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I worked at ReD Associates full-time
1) The job can be stimulating. It can be fun to puzzle out a project with your team, and fieldwork can be very compelling.
2) Good free lunches and coffee. The library is pretty good. You learn to put together nice powerpoint decks and something about business. Many smart, intellectually-inclined and interesting colleagues, including a few of the partners/leadership. Danish-style benefits, so 5 weeks vacation.
3) If you’re a new graduate looking to get a start in the private sector, it can be a fun place to work. It's also a good fit for people with outside interests, etc. because it can be relatively easy money once you know the basics. As long as you can shrug off some of the company’s Cons, you can do well here. Other qualities are also helpful for this (see Cons).
1) Lack of rigor/substance: The work can be demanding and engaging, but it’s based on often flimsy application of a few social science theories and methods. It's largely just “expensively rephrasing what people already know” and ginning up a few (often thinly) fieldwork-sourced truisms to hang strategic recommendations on. While there is a bit of an art (if not a science) to this, there’s an Emperor’s New Clothes quality to the whole enterprise. The partners have done a pretty good job getting executives to buy pricey market research & strategy projects, in part by projecting a depth that isn’t there.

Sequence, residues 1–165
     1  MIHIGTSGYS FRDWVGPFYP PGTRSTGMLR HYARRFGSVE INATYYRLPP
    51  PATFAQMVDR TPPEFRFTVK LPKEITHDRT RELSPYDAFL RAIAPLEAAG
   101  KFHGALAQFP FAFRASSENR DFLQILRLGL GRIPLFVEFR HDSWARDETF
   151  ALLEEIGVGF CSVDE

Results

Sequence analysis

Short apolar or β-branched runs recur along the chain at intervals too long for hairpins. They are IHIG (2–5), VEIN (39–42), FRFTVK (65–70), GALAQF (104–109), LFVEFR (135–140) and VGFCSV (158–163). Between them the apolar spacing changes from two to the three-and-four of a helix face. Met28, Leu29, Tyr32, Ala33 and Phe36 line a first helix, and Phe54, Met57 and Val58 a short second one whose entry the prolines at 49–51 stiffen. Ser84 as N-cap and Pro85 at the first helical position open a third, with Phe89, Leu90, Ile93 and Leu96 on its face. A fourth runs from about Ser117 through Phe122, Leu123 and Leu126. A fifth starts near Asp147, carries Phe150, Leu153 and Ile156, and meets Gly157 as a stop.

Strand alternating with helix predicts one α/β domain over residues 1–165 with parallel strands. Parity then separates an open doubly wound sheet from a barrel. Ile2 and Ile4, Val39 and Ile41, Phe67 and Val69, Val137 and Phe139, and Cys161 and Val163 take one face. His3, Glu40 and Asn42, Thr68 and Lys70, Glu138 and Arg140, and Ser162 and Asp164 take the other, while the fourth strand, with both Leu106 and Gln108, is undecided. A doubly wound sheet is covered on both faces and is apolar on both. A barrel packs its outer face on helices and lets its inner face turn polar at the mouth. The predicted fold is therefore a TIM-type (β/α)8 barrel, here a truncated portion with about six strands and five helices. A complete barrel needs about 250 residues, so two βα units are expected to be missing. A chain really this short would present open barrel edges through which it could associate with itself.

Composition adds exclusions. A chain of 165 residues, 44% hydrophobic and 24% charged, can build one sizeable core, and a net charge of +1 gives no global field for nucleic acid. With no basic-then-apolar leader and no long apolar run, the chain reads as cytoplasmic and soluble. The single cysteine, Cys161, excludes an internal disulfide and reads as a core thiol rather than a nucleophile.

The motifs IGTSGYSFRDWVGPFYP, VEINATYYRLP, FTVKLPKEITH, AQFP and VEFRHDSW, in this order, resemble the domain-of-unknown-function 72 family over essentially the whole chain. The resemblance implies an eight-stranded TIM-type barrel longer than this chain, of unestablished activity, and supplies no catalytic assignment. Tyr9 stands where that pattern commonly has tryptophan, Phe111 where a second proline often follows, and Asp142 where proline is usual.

2) Botox: ReD is notorious for this-- at times plumping up credentials and expertise, and presenting itself as having a bunch of anthropologists, sociologists, etc. on staff when there are at best a handful of these. Most staff are social science/humanities graduates straight out of college or master’s programs with a bit of work experience.
3) Leadership faffing about re: Cognizant: Years into the Cognizant partnership it’s still unclear how to make it work— or if it can. Leadership has shifted the strategy haphazardly to try to figure this out, but with little to show for their efforts so far beyond a lot of dead end work and bureaucratic wrangling for staff.
Leadership even brought in highly paid Technologists with irrelevant backgrounds (satellites, etc.) to help bridge the gap between ReD and Cognizant... just kind of bizarre decision-making based on a category confusion re: what Technology and Digital and IT mean here. These are just a couple of the reasons why the prognosis doesn’t look great regardless of whether the acquisition actually happens. All of the flailing has taken a toll on morale.
4) Mild (to moderate?) racism: While the company tends to lean politically and culturally Left, you might have to endure conversations about the merits of The Bell Curve, the scourge of political correctness, or the word "negro" with some partners; or roll your eyes discreetly at a partner who traffics in racist metaphors and stereotypes and unironically complains about having too many racist friends in nyc; or educate another one about how dark skin comes in different shades... among other throwbacks.
And, as another reviewer has noted, the company has a not particularly subtle (White) Men First approach to advancement.
Advice to Management
Pay out the long deferred bonuses to staff. Offer a more flexible work-from-home policy, which is increasingly standard. Do proper due diligence before jumping into bed with potential parent companies. Sort out your bias and culture issues. Find a solution to the ridiculous temperature issues in the office (e.g. Please replace those loud, cheap box fans).
First round was a homework assignment. Second round was an interview with two mid-level staff over Skype. The third/final round was with two executives over Skype (did not offer to pay for travel).
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